We are in the Hebrew month of Elul, the month which proceeds Rosh Hashanah. Traditionally, this is a time for preparing ourselves for a new year and considering those changes that we would hope to make in our lives. The psychologist, Abraham Maslow, believed that there is an inner core to every person, and that we grow into true adulthood by uncovering and accepting that which is there from our past. In Maslow’s words: “We cannot think of a person as ‘fully determined.’ The person is his/her own main determinant. Every person is, in part, his/her own project and makes him or herself into the person they are”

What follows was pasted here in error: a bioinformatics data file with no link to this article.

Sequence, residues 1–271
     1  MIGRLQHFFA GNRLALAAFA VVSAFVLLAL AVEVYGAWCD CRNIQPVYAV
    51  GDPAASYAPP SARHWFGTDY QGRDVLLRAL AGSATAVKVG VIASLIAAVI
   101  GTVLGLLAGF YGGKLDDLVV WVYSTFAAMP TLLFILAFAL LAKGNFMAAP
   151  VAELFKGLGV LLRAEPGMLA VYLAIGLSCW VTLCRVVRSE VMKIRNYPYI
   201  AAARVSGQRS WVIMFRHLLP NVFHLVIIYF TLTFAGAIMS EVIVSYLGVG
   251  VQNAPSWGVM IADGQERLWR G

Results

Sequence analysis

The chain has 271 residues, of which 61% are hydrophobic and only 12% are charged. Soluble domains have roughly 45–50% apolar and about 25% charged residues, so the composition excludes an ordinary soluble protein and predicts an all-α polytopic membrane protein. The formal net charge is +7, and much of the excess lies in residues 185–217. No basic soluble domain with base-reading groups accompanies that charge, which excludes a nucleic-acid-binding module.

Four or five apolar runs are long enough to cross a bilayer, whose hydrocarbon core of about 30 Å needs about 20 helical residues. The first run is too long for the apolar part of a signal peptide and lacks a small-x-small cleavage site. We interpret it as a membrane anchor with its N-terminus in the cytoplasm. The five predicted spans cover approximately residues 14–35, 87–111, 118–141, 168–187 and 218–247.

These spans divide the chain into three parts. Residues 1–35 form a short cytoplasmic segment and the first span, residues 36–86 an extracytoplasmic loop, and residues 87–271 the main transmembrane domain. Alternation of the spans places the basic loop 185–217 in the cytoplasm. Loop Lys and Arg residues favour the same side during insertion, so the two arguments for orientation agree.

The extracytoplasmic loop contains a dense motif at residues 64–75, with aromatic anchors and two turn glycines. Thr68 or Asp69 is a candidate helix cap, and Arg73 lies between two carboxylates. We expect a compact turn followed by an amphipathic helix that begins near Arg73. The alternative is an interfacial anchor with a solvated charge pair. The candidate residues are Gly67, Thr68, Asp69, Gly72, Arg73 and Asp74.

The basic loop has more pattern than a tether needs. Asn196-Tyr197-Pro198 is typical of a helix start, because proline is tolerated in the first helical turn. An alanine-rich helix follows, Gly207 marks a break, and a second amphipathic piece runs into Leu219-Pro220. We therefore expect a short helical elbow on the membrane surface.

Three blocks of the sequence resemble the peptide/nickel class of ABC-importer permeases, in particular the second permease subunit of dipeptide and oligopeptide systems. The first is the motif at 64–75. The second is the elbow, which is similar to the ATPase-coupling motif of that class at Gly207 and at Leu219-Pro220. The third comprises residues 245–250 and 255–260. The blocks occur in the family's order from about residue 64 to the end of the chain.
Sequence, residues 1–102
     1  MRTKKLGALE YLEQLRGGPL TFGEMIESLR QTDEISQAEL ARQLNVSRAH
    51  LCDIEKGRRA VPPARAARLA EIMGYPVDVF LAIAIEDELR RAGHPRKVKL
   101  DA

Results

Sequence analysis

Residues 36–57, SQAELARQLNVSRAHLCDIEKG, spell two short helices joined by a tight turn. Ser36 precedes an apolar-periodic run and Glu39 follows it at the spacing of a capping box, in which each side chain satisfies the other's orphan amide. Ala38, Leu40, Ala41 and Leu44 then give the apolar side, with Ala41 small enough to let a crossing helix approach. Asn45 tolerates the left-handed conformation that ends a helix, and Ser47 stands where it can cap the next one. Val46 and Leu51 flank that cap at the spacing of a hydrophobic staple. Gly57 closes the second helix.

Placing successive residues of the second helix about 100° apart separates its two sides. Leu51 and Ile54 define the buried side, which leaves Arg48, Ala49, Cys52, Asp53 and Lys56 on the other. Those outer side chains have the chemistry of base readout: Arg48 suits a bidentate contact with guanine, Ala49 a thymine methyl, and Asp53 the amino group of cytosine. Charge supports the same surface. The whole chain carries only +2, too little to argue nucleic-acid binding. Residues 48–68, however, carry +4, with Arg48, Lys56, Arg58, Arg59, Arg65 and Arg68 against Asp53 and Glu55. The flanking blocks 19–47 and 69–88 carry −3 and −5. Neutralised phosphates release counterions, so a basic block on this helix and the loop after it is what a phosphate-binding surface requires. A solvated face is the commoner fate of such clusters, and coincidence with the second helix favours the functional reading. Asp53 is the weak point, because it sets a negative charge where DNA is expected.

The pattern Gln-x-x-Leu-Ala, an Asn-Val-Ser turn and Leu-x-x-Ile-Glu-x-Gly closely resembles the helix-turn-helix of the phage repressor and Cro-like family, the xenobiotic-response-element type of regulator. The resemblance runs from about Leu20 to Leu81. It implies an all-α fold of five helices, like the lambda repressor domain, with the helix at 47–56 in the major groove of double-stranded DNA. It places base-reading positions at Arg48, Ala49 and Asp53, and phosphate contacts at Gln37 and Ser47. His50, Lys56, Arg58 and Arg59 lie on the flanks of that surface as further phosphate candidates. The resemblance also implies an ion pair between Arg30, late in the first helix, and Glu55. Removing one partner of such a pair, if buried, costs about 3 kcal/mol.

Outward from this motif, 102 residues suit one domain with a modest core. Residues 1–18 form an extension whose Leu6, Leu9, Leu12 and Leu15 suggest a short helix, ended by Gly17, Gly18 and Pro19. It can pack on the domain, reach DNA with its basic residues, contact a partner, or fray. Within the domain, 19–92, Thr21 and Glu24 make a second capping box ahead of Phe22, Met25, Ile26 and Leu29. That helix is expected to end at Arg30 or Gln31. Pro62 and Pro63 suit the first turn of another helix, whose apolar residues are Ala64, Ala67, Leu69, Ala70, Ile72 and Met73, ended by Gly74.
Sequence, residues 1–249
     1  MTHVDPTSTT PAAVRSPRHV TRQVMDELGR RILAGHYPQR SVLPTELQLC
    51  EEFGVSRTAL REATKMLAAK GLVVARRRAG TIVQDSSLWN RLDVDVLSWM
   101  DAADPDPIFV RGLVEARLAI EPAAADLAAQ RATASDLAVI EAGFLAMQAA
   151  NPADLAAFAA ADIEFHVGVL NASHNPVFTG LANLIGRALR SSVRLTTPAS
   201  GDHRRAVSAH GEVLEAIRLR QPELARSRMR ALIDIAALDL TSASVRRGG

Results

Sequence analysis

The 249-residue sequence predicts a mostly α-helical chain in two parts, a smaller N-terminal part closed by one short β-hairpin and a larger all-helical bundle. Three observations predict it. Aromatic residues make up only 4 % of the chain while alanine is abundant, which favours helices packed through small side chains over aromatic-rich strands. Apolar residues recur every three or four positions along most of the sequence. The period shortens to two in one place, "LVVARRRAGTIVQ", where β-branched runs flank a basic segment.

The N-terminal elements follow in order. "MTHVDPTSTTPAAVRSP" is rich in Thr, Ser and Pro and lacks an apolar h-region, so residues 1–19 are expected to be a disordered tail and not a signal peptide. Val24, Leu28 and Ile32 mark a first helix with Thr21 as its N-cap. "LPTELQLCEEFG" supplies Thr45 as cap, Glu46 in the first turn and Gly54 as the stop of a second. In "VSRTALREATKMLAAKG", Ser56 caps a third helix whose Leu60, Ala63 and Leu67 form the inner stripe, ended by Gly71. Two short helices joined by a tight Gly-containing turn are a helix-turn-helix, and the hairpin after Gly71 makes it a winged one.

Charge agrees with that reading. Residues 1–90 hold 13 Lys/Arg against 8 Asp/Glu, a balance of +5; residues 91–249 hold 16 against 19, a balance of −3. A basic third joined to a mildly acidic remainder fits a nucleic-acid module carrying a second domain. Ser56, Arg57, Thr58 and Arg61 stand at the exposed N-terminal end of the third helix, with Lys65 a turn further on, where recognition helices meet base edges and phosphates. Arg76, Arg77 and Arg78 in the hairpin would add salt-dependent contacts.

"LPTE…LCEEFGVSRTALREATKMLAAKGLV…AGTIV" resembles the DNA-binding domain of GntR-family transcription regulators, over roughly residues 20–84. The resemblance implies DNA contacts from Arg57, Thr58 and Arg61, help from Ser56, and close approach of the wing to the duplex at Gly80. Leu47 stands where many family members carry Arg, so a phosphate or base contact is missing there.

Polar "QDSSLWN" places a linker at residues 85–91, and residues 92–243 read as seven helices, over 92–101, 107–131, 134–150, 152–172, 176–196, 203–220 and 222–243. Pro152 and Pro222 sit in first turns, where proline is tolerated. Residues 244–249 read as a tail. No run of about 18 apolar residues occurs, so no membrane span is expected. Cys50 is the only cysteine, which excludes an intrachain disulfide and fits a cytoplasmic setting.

So what does it mean? That we ourselves do have the capacity to make significant choices in virtually every aspect of our lives, and that how we choose does make a different in the quality and fulfillment of our lives. Is it easy to choose and to change? Of course not! In fact, I have come to believe that “changing” ourselves in significant ways is the hardest of all challenges that we face as human beings.
Maslow contended that there is an “inner nature” to all of us, and that it is always pressing for open, uninhibited expression. It may be uncovered and revealed, or it may be repressed; but it is always there, and one way or another, it does find a way of “speaking.”
So I guess we all have a ways to go in becoming something more than we are today. May God grant us the courage, the determination and the wisdom to pursue that which is already within us. In the words of the Torah: “Therefore choose life, that you may live.”
Rabbi David Greenberg